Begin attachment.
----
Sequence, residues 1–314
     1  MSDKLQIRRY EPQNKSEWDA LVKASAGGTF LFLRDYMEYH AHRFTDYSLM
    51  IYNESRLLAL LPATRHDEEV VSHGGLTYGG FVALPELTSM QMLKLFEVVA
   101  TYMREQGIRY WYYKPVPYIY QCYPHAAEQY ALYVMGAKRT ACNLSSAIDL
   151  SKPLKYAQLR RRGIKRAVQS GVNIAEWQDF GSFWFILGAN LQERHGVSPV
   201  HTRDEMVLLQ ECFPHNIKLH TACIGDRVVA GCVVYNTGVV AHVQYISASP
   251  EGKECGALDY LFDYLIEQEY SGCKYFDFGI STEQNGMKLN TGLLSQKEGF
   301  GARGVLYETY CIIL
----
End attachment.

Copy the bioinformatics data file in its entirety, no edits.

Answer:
Sequence, residues 1–314
     1  MSDKLQIRRY EPQNKSEWDA LVKASAGGTF LFLRDYMEYH AHRFTDYSLM
    51  IYNESRLLAL LPATRHDEEV VSHGGLTYGG FVALPELTSM QMLKLFEVVA
   101  TYMREQGIRY WYYKPVPYIY QCYPHAAEQY ALYVMGAKRT ACNLSSAIDL
   151  SKPLKYAQLR RRGIKRAVQS GVNIAEWQDF GSFWFILGAN LQERHGVSPV
   201  HTRDEMVLLQ ECFPHNIKLH TACIGDRVVA GCVVYNTGVV AHVQYISASP
   251  EGKECGALDY LFDYLIEQEY SGCKYFDFGI STEQNGMKLN TGLLSQKEGF
   301  GARGVLYETY CIIL